Lovell and Flood were a good team of cowmen. The former, as a youth, had carried a musket in the ranks of the Union army, and at the end of that struggle, cast his fortune with Texas, where others had seen nothing but the desolation of war, Lovell saw opportunities of business, and had yearly forged ahead as a drover and beef contractor. He was well calculated to manage the cattle business, but was irritable and inclined to borrow trouble, therefore unqualified personally to oversee the actual management of a cow herd. In repose, Don Lovell was slow, almost dull, but in an emergency was astonishingly quick-witted and alert. He never insisted on temperance among his men, and though usually of a placid temperament, when out of tobacco—Lord!
Jim Flood, on the other hand, was in a hundred respects the antithesis of his employer. Born to the soil of Texas, he knew nothing but cattle, but he knew them thoroughly. Yet in their calling, the pair were a harmonious unit. He never crossed a bridge till he reached it, was indulgent with his men, and would overlook any fault, so long as they rendered faithful service. Priest told me this incident: Flood had hired a man at Red River the year before, when a self-appointed guardian present called Flood to one side and said,—“Don’t you know that that man you’ve just hired is the worst drunkard in this country?”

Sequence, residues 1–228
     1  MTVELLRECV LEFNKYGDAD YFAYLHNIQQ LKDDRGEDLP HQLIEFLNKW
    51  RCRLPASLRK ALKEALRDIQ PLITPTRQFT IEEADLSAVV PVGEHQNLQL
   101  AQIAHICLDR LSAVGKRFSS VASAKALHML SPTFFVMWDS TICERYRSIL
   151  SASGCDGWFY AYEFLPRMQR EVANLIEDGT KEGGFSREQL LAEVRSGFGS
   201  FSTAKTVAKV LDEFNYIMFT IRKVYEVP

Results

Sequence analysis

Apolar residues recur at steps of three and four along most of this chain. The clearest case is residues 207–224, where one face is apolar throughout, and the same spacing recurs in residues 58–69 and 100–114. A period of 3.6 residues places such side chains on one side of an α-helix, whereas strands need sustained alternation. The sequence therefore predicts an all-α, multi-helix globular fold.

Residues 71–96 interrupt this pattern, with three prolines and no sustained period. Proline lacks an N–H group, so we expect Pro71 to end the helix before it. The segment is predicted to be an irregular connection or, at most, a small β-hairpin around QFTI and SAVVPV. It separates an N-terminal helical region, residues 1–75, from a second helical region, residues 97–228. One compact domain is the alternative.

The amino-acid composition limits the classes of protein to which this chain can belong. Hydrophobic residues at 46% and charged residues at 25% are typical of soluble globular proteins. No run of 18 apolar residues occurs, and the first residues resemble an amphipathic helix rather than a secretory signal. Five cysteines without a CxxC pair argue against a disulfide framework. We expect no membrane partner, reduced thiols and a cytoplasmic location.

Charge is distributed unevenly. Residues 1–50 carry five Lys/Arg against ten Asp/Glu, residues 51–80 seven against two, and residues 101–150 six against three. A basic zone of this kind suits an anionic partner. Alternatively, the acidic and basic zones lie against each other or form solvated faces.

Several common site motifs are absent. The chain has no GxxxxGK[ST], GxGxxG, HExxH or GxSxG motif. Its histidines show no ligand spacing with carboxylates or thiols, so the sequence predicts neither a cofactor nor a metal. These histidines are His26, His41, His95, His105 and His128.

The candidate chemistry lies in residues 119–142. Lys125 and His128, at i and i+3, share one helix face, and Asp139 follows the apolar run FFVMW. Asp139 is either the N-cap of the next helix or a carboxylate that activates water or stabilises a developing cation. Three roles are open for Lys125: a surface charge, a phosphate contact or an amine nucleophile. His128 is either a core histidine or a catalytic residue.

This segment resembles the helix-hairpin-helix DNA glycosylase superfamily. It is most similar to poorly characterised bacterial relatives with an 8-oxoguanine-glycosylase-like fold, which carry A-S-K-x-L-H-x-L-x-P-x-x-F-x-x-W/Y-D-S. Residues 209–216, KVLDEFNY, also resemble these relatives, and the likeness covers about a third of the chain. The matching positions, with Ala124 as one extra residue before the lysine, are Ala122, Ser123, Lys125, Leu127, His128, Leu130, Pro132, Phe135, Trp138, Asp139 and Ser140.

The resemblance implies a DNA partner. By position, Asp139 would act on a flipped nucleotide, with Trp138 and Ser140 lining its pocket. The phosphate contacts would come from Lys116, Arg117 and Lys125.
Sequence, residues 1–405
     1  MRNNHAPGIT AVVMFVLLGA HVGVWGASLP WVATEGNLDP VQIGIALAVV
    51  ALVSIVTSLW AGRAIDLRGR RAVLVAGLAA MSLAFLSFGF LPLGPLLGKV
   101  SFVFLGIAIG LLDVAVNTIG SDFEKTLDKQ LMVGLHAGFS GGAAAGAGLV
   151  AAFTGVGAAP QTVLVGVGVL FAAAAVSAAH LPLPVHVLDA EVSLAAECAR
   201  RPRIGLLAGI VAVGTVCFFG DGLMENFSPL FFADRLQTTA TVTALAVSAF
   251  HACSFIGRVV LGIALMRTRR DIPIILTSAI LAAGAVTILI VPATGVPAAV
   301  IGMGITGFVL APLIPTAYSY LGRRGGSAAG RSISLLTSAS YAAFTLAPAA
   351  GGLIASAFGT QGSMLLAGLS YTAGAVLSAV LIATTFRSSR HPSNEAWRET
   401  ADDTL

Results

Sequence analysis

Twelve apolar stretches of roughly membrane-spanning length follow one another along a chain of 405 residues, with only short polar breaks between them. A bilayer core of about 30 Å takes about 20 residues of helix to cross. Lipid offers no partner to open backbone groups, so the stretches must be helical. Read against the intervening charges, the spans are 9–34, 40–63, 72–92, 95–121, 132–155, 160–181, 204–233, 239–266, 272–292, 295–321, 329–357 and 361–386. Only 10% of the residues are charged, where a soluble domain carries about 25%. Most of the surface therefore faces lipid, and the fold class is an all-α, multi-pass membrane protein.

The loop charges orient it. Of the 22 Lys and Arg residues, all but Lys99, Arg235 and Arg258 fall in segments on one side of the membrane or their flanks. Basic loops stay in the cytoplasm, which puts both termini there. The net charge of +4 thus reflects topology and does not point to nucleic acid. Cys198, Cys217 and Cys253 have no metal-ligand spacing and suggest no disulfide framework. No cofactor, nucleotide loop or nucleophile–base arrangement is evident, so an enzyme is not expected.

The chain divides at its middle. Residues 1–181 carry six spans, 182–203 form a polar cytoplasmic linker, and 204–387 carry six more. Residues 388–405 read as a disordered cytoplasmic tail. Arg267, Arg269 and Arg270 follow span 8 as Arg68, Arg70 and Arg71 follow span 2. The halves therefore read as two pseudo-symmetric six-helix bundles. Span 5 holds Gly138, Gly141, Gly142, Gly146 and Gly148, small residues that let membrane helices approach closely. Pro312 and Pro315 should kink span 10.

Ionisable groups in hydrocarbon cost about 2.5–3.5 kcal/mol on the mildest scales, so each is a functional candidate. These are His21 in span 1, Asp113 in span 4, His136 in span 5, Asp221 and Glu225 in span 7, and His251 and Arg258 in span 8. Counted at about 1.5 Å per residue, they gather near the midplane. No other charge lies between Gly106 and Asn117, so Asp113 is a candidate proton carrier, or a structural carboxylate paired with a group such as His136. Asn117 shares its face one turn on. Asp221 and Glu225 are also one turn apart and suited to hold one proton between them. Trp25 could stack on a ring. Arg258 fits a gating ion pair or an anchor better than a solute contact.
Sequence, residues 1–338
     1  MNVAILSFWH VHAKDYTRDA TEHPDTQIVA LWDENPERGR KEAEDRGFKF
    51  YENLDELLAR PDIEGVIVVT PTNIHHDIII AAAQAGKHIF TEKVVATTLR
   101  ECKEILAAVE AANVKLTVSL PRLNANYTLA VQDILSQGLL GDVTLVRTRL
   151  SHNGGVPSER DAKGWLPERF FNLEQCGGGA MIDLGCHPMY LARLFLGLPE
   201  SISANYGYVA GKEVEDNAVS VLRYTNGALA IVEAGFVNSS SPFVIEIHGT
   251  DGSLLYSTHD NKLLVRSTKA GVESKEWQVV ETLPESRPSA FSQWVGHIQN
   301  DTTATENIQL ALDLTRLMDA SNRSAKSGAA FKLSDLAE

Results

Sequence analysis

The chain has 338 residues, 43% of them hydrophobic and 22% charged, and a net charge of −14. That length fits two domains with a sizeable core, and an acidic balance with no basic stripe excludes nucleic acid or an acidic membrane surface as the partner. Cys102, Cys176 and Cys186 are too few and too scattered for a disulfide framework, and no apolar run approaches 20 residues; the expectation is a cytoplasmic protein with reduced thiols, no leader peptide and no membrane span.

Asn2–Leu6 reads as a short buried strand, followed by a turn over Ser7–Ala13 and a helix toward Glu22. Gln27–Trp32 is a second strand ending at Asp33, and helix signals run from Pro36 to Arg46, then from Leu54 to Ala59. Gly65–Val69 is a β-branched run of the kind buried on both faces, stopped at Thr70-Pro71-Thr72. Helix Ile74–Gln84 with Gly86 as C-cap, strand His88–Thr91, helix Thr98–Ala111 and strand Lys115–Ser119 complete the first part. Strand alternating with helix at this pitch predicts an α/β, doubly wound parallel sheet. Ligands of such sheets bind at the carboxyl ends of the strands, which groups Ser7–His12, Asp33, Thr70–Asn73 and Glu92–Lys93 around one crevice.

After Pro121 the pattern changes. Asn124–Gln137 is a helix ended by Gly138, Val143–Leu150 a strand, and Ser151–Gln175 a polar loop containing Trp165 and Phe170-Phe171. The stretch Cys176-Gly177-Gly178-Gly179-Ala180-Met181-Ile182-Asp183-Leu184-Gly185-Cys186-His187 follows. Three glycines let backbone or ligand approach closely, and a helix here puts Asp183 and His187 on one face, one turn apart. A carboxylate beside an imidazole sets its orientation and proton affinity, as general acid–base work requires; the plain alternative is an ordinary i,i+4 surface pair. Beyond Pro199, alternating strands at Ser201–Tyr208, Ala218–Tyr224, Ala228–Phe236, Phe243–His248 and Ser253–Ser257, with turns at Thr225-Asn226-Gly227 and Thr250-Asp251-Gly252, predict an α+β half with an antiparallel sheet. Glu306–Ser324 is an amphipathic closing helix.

“No, I didn’t know it,” replied Flood, “but I’m glad to hear he is. I don’t want to ruin an innocent man, and a trail outfit is not supposed to have any morals. Just so the herd don’t count out shy on the day of delivery, I don’t mind how many drinks the outfit takes.”
The next morning after going into camp, the first thing was the allotment of our mounts for the trip. Flood had the first pick, and cut twelve bays and browns. His preference for solid colors, though they were not the largest in the remuda, showed his practical sense of horses. When it came the boys’ turn to cut, we were only allowed to cut one at a time by turns, even casting lots for first choice. We had ridden the horses enough to have a fair idea as to their merits, and every lad was his own judge. There were, as it happened, only three pinto horses in the entire saddle stock, and these three were the last left of the entire bunch. Now a little boy or girl, and many an older person, thinks that a spotted horse is the real thing, but practical cattle men know that this freak of color in range-bred horses is the result of in-and-in breeding, with consequent physical and mental deterioration. It was my good fortune that morning to get a good mount of horses,—three sorrels, two grays, two coyotes, a black, a brown, and a grulla. The black was my second pick, and though the color is not a hardy one, his “bread-basket” indicated that he could carry food for a long ride, and ought to be a good swimmer. My judgment of him was confirmed throughout the trip, as I used him for my night horse and when we had swimming rivers to ford. I gave this black the name of “Nigger Boy.”